How did you become so personally involved in wine?
I have an affinity for things that aren’t just one plus one equals two, things that have other dimensions to them. I love the film world and contemporary art and wine, because they all have this creative aspect to them.
Are there linkages in the way you manage film production and wine production?
There are unexpected consequences you just can’t control in both film and wine production. Very often with winemaking, it’s weather. In the film business, it could be weather or a multitude of other things. Neither is a process that can be controlled by one person. They are both intensive group exercises, with personnel having a very important effect [on] the success of the product.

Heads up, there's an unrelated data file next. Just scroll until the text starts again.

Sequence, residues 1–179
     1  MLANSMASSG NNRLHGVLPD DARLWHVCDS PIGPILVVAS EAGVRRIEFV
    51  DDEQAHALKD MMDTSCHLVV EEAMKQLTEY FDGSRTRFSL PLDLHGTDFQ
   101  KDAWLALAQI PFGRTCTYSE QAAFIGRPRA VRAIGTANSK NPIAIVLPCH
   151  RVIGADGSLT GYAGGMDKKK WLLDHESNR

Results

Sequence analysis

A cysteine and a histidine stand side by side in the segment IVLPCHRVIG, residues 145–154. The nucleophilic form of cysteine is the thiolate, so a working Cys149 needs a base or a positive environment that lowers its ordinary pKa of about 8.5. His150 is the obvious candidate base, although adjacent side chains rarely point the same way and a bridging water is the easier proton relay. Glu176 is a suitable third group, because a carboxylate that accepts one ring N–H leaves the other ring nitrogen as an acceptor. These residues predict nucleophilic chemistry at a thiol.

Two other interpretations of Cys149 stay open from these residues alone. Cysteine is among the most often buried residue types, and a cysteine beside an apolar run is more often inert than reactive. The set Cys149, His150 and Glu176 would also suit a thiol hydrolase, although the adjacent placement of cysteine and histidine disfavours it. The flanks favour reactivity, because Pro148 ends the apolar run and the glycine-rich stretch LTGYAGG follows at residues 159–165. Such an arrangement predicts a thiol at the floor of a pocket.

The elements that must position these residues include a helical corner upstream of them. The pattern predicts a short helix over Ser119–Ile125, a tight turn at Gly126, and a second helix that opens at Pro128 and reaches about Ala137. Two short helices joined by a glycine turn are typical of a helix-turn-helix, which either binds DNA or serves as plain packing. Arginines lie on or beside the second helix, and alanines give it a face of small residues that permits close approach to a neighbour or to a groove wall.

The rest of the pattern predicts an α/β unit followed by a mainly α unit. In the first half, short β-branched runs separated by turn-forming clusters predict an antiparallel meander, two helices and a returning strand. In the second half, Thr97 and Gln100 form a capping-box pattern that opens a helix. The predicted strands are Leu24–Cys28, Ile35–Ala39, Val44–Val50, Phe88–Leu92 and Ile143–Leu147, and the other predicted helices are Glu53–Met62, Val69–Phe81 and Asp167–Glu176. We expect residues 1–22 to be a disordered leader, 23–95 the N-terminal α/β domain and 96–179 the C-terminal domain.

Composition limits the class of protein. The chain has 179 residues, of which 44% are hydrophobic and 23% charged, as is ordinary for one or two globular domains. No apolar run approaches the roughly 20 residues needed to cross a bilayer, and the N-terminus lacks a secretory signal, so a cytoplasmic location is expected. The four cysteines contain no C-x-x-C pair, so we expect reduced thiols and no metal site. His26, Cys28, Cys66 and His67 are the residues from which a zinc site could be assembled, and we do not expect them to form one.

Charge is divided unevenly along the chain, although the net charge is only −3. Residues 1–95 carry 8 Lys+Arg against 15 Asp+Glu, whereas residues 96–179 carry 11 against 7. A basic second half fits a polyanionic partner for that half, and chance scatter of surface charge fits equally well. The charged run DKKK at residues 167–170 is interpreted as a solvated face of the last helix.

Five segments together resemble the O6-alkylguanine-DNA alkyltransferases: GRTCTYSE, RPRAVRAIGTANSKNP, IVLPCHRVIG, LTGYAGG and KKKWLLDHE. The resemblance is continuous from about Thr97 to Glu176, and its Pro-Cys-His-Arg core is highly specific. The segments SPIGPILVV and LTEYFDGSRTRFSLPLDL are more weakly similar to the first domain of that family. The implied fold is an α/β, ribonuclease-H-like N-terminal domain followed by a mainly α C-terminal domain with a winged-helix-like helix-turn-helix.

As a longtime collector of fine wines, how has your collection changed over the last 20 years?
The focus of my collection used to be primarily first-, second- and third-growth Bordeaux wines. I still love Italian wines, particularly Tuscan blends, and have always been passionate about Spanish wines. As I’ve grown older, and you could argue wiser, my tastes may have changed a bit, and I’m much more into quality Burgundy wines.
What wines would you pull out of your cellar if you had only one day left on earth?
Well, I’d probably call my doctor first…but I’d go for a Vega Sicilia, an astonishing Spanish red wine. For a white wine, maybe something like an Italian Gavi. Quite candidly though, there are probably 12 other wines I’d have to consider as well.
For a casual night at home, what’s an ideal movie and wine pairing?
I’ll exclude my own movies, just to be fair, but I think I’d watch [The Godfather], which [is] such an extraordinary movie, and have a great Tuscan blend to go with it. For dinner, maybe pasta puttanesca.